100,000 5th Grade Students Graduate STARBASE-Atlantis


Story Number: NNS110209-05Release Date: 2/9/2011 9:22:00 AM
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By Ed Barker, Naval Education and Training Command Public Affairs

PENSACOLA, Fla. (NNS) -- After 16 years of inspiring fifth-graders in the areas of Science, Technology, Engineering and Math (STEM), the Navy's STARBASE-Atlantis program graduated its 100,000th student Feb. 8, on board Naval Air Station (NAS) Pensacola.

Jalen Hunt, who goes by the call-sign 'Gator,' was the milestone graduate, and launched a special '100K' model rocket with a blue and gold paint scheme to signify the event. Hunt and Ernie Gonzales, the Department of Defense's Starbase program manager, pressed the launch button together, sending the rocket flying skyward.

"That was really awesome," said Hunt, age 10, a student at Jim Allen Elementary School. "They teach us a lot about science, technology and rockets, but we get to have fun at the same time."

Marking this historic moment with area children and educators, Gonzales had nothing but praise for the students.

"It was an honor to share this moment with Gator," said Gonzales. "The STARBASE-Atlantis kids are very inspiring; these could be our future Nobel Prize winners in science and math."

The first Navy STARBASE academy was launched in September 1994 at NAS Pensacola, and began offering local fifth-grade students an opportunity to participate in a variety of learning experiences designed to increase knowledge and interest in STEM subjects. The program has since expanded throughout the Navy.

Interest from the highest levels of the Navy has been one key to the success of the STARBASE-Atlantis program. The Secretary of the Navy Ray Mabus, was not able to make it to Pensacola for the ceremony, but he sent along his congratulations to the kids, noting the significance of the program.

"It's important that we do everything possible to inspire these young students to study Science, Technology, Engineering and Math, as they are our future," said Mabus. "Not only is STARBASE-Atlantis a lot of fun, but whether they know it or not, these kids are learning about physics, math, engineering, and aerodynamics as they work toward launching their rockets on graduation day. Graduating 100,000 students is an incredible milestone."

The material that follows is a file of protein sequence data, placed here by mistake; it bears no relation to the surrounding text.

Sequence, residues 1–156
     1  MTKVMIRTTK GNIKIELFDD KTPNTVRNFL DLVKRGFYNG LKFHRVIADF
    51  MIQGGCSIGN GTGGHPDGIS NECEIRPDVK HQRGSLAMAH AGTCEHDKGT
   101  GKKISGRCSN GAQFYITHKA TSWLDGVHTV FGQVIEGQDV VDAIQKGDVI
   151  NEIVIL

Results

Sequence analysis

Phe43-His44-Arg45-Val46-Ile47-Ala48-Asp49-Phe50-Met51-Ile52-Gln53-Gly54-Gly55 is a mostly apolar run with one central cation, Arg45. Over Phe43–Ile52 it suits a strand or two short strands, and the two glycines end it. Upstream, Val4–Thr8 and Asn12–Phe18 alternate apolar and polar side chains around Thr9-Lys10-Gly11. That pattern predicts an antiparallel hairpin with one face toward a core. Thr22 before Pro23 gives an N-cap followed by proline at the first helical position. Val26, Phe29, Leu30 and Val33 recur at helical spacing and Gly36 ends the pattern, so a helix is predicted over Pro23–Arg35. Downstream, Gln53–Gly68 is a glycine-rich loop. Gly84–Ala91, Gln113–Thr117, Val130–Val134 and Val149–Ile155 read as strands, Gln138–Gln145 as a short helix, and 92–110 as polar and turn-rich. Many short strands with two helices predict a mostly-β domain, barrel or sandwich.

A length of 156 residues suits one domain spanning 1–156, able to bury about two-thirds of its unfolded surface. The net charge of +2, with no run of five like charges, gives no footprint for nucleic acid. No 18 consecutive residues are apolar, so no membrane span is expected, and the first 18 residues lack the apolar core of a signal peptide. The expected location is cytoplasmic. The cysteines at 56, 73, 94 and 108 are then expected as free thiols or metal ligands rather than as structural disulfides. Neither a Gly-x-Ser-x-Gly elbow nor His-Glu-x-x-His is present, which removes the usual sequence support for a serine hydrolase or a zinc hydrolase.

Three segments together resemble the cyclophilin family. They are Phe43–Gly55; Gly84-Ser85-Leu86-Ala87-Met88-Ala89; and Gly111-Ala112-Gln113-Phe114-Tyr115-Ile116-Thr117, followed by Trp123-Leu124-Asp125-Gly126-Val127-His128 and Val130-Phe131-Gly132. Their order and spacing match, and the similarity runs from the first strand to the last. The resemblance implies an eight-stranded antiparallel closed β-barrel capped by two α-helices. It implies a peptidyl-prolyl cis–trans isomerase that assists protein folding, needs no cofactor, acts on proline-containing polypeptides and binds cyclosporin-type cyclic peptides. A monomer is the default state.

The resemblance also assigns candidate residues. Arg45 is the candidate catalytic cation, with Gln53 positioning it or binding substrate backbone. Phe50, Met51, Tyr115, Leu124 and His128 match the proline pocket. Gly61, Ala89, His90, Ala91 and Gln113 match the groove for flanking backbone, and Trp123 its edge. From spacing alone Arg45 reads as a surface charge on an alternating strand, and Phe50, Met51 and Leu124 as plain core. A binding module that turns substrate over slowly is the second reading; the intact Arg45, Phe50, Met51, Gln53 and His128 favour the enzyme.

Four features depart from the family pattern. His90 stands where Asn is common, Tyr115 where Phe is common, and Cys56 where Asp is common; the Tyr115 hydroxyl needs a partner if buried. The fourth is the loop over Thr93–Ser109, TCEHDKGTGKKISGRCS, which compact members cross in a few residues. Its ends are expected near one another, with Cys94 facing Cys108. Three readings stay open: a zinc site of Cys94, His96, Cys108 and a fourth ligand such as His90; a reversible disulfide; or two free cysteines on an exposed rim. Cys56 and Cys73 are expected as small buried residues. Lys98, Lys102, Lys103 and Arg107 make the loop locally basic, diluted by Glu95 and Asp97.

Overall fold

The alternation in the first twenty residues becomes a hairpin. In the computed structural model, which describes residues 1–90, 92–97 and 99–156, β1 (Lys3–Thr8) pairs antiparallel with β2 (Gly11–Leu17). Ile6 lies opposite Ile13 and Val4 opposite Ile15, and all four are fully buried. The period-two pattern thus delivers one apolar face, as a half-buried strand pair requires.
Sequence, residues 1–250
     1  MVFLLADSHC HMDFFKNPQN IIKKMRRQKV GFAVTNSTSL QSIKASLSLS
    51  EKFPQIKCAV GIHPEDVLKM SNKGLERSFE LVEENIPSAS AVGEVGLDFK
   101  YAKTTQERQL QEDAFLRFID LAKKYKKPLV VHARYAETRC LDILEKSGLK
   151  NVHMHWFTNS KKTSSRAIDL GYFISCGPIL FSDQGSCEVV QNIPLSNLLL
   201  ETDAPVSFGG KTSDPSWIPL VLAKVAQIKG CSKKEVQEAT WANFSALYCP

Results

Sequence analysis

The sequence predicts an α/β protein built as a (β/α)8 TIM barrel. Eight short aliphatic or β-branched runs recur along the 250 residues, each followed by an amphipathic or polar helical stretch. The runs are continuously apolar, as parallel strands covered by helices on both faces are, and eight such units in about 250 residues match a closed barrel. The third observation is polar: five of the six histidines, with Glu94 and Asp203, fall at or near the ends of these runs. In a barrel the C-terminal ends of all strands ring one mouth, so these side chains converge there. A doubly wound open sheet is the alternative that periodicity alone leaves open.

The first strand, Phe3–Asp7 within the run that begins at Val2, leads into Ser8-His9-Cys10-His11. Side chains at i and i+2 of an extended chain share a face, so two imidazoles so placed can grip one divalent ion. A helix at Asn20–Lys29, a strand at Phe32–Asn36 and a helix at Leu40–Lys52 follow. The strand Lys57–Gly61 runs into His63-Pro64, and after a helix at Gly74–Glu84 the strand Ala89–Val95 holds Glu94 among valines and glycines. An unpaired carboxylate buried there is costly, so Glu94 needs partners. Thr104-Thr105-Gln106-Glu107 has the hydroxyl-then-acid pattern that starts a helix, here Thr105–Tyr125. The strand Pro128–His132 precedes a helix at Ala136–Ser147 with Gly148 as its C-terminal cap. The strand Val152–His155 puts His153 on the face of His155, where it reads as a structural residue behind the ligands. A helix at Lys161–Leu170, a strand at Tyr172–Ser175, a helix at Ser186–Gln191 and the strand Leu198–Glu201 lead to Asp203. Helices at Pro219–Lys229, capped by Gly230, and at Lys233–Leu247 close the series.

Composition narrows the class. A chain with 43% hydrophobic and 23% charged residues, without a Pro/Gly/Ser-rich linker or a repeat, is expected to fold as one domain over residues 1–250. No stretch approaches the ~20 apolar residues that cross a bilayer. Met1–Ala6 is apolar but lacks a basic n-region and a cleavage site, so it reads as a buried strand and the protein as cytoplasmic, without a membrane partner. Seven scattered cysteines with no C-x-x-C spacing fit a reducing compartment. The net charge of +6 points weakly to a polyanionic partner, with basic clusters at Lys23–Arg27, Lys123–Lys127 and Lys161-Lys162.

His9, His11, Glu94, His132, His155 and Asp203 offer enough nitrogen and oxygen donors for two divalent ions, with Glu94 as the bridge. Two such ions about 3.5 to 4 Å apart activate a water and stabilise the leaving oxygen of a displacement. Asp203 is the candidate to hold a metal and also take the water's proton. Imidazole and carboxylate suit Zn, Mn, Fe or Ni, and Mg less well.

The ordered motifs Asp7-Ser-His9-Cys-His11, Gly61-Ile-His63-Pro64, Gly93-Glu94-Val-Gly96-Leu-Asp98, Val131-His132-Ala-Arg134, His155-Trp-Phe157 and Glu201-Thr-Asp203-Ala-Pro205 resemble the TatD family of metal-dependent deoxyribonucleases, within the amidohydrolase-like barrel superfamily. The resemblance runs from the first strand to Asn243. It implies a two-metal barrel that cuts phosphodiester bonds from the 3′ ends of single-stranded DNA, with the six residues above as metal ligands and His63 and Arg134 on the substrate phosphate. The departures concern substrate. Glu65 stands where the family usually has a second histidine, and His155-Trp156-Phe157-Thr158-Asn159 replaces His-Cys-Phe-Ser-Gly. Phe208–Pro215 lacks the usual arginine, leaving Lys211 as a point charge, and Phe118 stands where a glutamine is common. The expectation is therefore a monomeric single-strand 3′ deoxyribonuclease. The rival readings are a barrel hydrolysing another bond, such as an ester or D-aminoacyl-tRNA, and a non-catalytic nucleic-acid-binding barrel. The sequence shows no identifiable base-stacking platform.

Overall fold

Success wasn't guaranteed for the program, which started off on a shoestring budget and without a permanent home.

"This milestone reflects the successful partnership between the Navy and the community to help the students who need it most," said Henry Giles, the Navy's STARBASE-Atlantis and community outreach program manager at the Naval Education and Training Command (NETC). "Watching the program grow has been extremely gratifying. We started as single site that shared space with the base chapel, and have grown into 15 sites with academies on nearly every major Naval Base in the U.S."

"I think these kids are a testimony to science and math being fun," said Malcolm Thomas, Escambia County school superintendent, and one of the dignitaries attending the ceremony. "It gives the students something to look forward to; that makes learning fun and that's the name of the game."

The STARBASE-Atlantis curriculum includes physics, chemistry, technology, engineering, and mathematics. Course topics include Newton's laws of motion, fluid mechanics and aerodynamics, model rocketry and much more. Students 'fly' aircraft on a computer flight simulator, as well as build and launch a model rocket as the final project for the course. Tours of Navy training facilities, as well as the National Naval Aviation Museum and the Blue Angels flight line, allow the students to see the STEM subjects they are learning in the classroom applied directly in the real world.

STARBASE partners with local area schools at each site, rotating class attendance throughout the school year. Kids from schools that are not in rotation for a particular year can get the STARBASE experience by applying to attend one of several weeklong sessions during the summer break.

Operated by each of the armed services, there are more than 60 Starbase programs throughout the U.S. and Puerto Rico, funded by the Department of Defense through Congressional appropriation since 1989. For more information on the 15 Navy STARBASE-Atlantis programs, visit: https://www.netc.navy.mil/comunity/starbase/sa.html


For more news from Naval Education and Training Command, visit www.navy.mil/local/cnet/.

 
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Students participating in the STARBASE-Atlantis science academy work on flight simulators.
Official U.S. Navy file photo.
February 9, 2011
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